Bat Boy: The Musical

Dead cows, irate townsfolk and a bat boy ran rampant on the Little Theatre stage this past weekend.

The Chappell Players Theatre Group opened their 2007-2008 season with Bat Boy: The Musical. The show, written by Keythe Farley and Brian Flemming and with lyrics and music by Laurence O’Keefe, originally ran off-Broadway in 2001 and is currently moving to the West End in London.

“What drew us to Bat Boy was the combination of the rock-pop inspired musical score and unrestricted humor,” said Joseph Cantalupo, president of the Chappell Players and the student producer of the show.

Inspired by an article in the Weekly World News tabloid, Bat Boy is a Lifetime movie set to music. The small Virginia town of Hope Falls is thrown into an uproar when a bat boy (played by junior Timothy Young) is discovered by a group of spelunkers.

Deeming the creature dangerous after he bites one townsperson, the sheriff turns him over to the local veterinarian’s family. Meredith Parker (junior Bridget McNeeley), a character with the poise of June Cleaver and a dash of Desperate Housewives intrigue, immediately takes to the boy and decides to rehabilitate him. Her daughter Shelley (freshman Caitlyn Mason) reluctantly agrees to help her, and slowly finds herself in a relationship akin to Beauty and the Beast. This does not sit well with patriarch Dr. Parker (junior Jonathan Randhawa), who feels himself being edged out of his perfect suburban family.
The bat boy, christened Edgar by Meredith, completes 14 years of school within one musical number using BBC tapes and flash cards. Alas, the small minded townsfolk cannot see past his fanged grin and pointed ears and find themselves blaming every problem on the bat boy, including a plague on the cows. Dr. Parker, with his limitless supply of euthanasia drugs, plots to kill townsfolk in Edgar’s name to distract his wife from her new love and win back her affections. Here is where the proverbial waters turn muddy and love triangles and evil schemes pop up in the true musical fashion.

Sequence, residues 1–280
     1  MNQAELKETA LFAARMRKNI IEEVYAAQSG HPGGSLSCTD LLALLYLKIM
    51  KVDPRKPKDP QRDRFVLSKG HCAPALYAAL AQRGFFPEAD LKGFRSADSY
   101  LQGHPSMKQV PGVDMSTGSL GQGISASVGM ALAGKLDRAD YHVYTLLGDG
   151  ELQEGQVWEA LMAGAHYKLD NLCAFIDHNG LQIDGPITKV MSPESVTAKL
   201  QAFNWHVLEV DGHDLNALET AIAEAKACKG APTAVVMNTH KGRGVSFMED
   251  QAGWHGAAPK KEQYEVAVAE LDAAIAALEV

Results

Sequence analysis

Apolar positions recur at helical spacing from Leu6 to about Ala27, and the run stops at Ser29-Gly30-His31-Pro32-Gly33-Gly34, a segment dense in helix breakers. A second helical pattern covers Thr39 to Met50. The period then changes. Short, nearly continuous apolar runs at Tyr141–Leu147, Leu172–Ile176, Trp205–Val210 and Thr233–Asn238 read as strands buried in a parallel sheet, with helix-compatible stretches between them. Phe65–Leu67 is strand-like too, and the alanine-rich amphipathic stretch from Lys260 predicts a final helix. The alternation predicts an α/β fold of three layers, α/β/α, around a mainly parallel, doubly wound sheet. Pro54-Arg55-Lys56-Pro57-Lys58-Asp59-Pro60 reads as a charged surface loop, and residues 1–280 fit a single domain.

“I enjoyed the multi dimensional aspects of the Bat Boy character in having the chance to express a blend of innocence, depravity, rejection, love and revenge in one show,” said the bat boy himself, Timothy Young.
Bat Boy offers actors a chance to thumb their noses at typical musical theatre while singing rock songs similar to Jesus Christ Super Star and Little Shop of Horrors. Hidden deep within the dark humor are life lessons about acceptance, greed and the woes of mob mentality. Of course, the audience is also reminded that “a mountain’s no place to raise cows.” The powerful and contemporary music carries the entire show, which is almost entirely sung through. Led by musical director Jeffrey Campos, the versatile ensemble embodies three to four characters a piece.

The nature of the show also leaves places open for audience interaction, including a revival scene and a dance through the woods with forest creatures.

“For a college production I thought it was amazing,” said Debra Siegel, an audience member and playwright for the 2007 Fringe Festival. “They’ve got such a talented cast that it makes a really weird story believable and fun. The show has some really great singers but I was most impressed by the acting. They give it everything they’ve got.”

The director Jeremy Quinn gave the cast the theme “nothing is as it seems.” Everything transforms before the audiences’ eyes, from a towering metal cage that opens up into a slaughter house to the plot twist at the end. Keep an eye on the Reverend Hightower (freshman Justin Phillips), who slips off stage to become Mrs. Taylor in the opening number of Act Two.

Remaining performance dates are October 18-20th and 26th at 8 p.m. and October 27th at 2:30 p.m. and 6 p.m. Ticket prices are $7 for St. John’s students and $14 general admission.